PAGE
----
Given the amendment’s focus on procedural reforms rather than substantive limits on collection, it was expected to outperform Wyden-Daines. But few observers expected it to sail through as smoothly as it did: the final vote count was 77–19, indicating an unprecedented level of bipartisan support for enhancing FISA’s privacy protections.
The Paul amendment: removing Americans from the FISA system
The third amendment, offered by Sen. Rand Paul (R-KY), would have prohibited the government from using FISA to target Americans and required the government to obtain a regular criminal warrant instead. The amendment also would have barred the government from using information collected under either FISA or Executive Order 12333 (which governs overseas foreign intelligence surveillance) against Americans in investigations or court proceedings.
As expected, this amendment — which would fundamentally change the legal framework for foreign intelligence surveillance — received little support, with only 11 senators voting in favor. Senators might have had different reasons for opposing it, however. Many no doubt believe that the government should not be held to the strict standards of the criminal justice system when collecting foreign intelligence. But some were likely concerned that the government, with FISA taken off the table, would fall back on claims of inherent executive authority to conduct surveillance. Indeed, Sen. Richard Burr (R-NC) suggested as much during an earlier phase of the debates. With all its flaws, FISA is preferable to a system of surveillance that lacks any congressional or judicial oversight whatsoever.
Looking forward: the House and beyond
After the Paul amendment failed, senators voted 80–16 to pass the bill as amended by Leahy-Lee. It now goes back to the House. When the House votes this time, though, the political context will have shifted significantly — and so should the assumptions underlying the vote. The House bill was extremely conservative in its reforms in part because its sponsors feared that more robust legislation could not pass. The Senate vote makes clear that it can. The Senate’s support for the protections in the Leahy-Lee bill, in particular, was overwhelming. There is no reason for the House to reject this important change.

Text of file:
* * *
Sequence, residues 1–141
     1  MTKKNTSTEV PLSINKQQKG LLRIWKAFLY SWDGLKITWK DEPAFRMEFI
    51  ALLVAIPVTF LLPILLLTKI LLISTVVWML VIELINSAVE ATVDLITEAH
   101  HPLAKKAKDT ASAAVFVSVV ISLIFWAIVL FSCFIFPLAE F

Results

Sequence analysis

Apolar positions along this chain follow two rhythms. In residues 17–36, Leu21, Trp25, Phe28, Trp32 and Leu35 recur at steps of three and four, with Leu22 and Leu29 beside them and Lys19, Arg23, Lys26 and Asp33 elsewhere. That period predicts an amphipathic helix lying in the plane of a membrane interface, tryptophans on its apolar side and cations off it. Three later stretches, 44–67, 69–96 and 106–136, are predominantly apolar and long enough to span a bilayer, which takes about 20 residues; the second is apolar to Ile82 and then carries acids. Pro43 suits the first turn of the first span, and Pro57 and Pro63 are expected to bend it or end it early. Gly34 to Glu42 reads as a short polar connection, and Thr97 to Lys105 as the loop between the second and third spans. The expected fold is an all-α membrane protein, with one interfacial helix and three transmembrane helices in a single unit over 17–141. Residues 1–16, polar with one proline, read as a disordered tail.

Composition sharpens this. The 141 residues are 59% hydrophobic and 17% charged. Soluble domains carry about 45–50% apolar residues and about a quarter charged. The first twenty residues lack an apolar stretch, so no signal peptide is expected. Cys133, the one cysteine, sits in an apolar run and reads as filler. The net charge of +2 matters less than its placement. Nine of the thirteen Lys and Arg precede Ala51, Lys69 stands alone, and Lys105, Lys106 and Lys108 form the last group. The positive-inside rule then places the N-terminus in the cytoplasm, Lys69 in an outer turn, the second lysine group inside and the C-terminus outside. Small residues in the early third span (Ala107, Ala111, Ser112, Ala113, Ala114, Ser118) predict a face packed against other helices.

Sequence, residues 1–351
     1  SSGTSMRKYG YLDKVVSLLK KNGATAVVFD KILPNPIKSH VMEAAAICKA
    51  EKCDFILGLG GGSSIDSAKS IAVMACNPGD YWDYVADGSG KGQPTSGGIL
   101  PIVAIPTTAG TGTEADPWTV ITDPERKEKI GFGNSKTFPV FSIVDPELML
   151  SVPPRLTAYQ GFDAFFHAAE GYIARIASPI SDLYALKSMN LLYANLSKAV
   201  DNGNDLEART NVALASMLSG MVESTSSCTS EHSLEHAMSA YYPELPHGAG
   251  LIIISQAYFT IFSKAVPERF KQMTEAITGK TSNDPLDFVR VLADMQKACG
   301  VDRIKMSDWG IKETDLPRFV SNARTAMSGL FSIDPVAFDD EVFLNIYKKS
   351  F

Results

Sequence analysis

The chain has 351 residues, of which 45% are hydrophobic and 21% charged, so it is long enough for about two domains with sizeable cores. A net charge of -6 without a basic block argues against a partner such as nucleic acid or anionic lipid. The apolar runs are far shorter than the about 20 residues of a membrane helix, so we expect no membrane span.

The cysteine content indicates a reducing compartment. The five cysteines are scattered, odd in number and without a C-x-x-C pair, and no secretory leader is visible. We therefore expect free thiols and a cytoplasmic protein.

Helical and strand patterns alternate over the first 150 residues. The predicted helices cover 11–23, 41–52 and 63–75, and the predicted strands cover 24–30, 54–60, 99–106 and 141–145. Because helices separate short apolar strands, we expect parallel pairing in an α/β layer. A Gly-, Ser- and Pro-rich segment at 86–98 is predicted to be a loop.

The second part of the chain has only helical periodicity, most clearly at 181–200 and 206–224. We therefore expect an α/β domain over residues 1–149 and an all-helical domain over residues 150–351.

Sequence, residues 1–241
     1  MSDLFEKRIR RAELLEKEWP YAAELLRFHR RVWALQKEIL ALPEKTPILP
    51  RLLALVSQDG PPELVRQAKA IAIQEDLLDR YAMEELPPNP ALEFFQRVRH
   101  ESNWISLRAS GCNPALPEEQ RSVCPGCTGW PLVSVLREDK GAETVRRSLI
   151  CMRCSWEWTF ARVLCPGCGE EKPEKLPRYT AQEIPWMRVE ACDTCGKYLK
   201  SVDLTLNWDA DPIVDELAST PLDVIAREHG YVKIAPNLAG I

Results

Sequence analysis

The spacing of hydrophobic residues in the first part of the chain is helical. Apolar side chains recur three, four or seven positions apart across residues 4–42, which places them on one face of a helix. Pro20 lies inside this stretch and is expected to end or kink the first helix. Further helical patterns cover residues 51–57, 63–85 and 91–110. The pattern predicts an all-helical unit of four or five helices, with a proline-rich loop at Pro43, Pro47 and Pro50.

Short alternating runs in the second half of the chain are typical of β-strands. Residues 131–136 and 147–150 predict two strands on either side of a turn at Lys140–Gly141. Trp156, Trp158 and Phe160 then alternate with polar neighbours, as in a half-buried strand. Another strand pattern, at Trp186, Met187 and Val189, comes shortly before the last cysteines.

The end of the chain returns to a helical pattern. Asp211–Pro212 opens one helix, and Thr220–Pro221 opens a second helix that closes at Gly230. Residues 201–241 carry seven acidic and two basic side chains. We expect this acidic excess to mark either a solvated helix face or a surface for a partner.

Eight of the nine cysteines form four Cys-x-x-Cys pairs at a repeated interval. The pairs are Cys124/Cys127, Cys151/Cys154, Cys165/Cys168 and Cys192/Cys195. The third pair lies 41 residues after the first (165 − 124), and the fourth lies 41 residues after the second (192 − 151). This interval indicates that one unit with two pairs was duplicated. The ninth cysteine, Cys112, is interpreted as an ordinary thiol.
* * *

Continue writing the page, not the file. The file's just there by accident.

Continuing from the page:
Moreover, we now know that a substantial majority of senators — more than 60 — are in favor of a warrant requirement for collecting internet search history and web browsing records. Their support mirrors the intuitive sense, shared by most Americans, that internet activity is highly personal and should not be readily available to the government. The House should adopt the Wyden-Daines amendment when it considers the bill.
Finally, the Senate’s votes this week bode well for broader reforms in the future. In the years after 9/11, concerns about the civil liberties impact of surveillance were largely limited to members on the progressive left and libertarian right. But privacy is increasingly becoming a salient issue for members across the political spectrum. There is much more than can and should be done to protect Americans’ rights. Web browsing records, for instance, are not the only kinds of records that reveal highly sensitive information — think about medical records or biometric data. And the most sensitive information of all — communications content — can be accessed by the government without a warrant if “incidentally” collected under Section 702 of FISA.
In short, we are long overdue for a hard look at the many ways in which our surveillance laws fail to safeguard Americans’ privacy. The Senate’s actions this week provide some hope that we could see more progress on this front in the not-too-distant future.